Photo via Facebook
Renewed HQ2 Buzz — The New York Times has published a lengthy look at Crystal City, which is being discussed as a frontrunner to land Amazon’s second headquarters. “All of the signs are pointing to Crystal City,” one of the people quoted in the article said. Separately, the Wall Street Journal reports that only some of the 20 HQ2 finalist cities — including New York City, Newark, N.J., Chicago and the D.C. area — have received second visits from Amazon officials. [New York Times, Wall Street Journal]
Former Wizard Selling Home in Arlington — Former Washington Wizards center Marcin Gortat has listed his house in Arlington’s Cherrydale neighborhood for $1.9 million. [Real House Life of Arlington]
Upton Hill Park Caught in Complaint Crossfire — After acceding to demands of tree advocates and scrapping plans for a 17-space parking lot at Upton Hill Park, the Northern Virginia Regional Park Authority is now facing opposition to its proposed park upgrades from nearby residents worried that the lack of additional parking will cause more vehicles to be parked in the neighborhood. [InsideNova]
New Option for Commuting to Arlington — “Sameride, a ridesharing app that allows drivers and passengers to offer and request rides, has launched a new route from Herndon, Reston and Loudoun County to Arlington and the District.” [Reston Now]
Flickr pool photo by John Sonderman
(Updated at 11:20 a.m.) An Arlington man has been arrested and now faces accusations of a litany of crimes from sexual assault to murder to robbery after a night of violence in the Douglas Park neighborhood.
The reported crime spree started shortly after 9 p.m. Thursday in the area of Doctor’s Run Park, south of Columbia Pike.
Police say 27-year-old Michael Nash was sexually assaulting a woman along the 1300 block of S. George Mason Drive when a witness, 54-year-old Arlington resident Patricio Salazar, tried to intervene. The suspect then allegedly struck Salazar, who was knocked unconscious and later pronounced dead at the hospital.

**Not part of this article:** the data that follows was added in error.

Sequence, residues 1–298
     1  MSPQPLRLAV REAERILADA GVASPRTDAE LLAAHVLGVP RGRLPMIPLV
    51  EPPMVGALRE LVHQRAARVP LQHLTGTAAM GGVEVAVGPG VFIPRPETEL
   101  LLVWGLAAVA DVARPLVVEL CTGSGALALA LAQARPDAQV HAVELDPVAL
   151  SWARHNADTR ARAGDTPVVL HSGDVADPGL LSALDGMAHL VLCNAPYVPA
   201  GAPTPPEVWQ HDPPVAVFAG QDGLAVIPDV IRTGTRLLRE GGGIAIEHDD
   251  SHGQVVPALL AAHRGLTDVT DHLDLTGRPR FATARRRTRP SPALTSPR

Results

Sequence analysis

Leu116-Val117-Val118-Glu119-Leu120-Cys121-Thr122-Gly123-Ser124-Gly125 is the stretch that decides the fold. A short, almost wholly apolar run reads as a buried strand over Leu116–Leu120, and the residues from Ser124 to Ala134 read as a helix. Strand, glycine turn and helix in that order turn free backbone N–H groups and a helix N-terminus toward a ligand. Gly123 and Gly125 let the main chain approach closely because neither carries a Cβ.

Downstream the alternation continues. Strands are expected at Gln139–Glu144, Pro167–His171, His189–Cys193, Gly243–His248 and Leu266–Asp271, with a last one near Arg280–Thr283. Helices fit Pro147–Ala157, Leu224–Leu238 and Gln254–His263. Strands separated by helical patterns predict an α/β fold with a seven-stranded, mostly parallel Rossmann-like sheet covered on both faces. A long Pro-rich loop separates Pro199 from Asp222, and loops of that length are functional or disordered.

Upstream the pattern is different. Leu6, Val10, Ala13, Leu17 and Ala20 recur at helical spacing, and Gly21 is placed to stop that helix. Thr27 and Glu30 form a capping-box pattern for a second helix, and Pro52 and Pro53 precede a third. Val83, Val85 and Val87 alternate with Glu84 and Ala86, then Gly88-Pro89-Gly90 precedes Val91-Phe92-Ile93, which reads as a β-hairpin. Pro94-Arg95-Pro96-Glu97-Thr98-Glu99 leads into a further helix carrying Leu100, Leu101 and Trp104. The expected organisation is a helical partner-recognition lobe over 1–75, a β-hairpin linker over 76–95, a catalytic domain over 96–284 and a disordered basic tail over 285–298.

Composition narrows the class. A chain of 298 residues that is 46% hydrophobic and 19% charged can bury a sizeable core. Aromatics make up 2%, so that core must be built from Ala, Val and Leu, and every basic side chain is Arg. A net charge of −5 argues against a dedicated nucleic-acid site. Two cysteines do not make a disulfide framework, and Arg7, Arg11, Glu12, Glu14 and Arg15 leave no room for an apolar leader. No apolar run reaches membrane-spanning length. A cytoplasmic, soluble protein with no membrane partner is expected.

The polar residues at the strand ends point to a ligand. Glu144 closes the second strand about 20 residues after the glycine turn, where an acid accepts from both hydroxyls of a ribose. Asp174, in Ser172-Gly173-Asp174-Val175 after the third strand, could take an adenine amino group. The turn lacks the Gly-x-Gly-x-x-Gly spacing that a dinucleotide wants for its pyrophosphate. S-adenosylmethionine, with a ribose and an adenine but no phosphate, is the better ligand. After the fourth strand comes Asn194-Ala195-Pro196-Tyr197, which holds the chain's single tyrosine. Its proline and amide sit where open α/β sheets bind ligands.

Nash fled the scene and robbed a woman of her cell phone as he fled, according to police. Officers and a police helicopter searched the area and eventually apprehended Nash near the intersection of Columbia Pike and S. George Mason Drive.
Nash is now facing multiple charges, with additional charges pending. This was the second reported homicide in Arlington so far this year.
More from ACPD:
Arlington County Police announce the arrest of an Arlington man following an overnight homicide investigation. Michael Nash, 27, was arrested and charged with Abduction with the Intent to Defile, Forcible Sodomy and Animate Object Sexual Penetration. Additional charges are forthcoming. Mr. Nash is being held without bond in the Arlington County Detention Facility.
At approximately 9:21 p.m. on October 18, police were dispatched to the 1300 block of S. George Mason Drive following the report of multiple 9-1-1 calls. The preliminary investigation determined that the suspect was walking in the area with a known female victim when he began to physically and sexually assault her. A male witness observed the assault and attempted to render assistance to the victim. The suspect physically assaulted the witness leaving him unconscious. The witness, Patricio Salazar, 54, of Arlington, VA was transported to George Washington University Hospital where he was pronounced deceased.
Following the assaults, the suspect fled the scene on foot. The suspect came into contact with two additional victims whom he tried to rob of a cell phone. The victims fought back and the suspect again fled the scene on foot. The suspect then successfully robbed a female victim of her cell phone.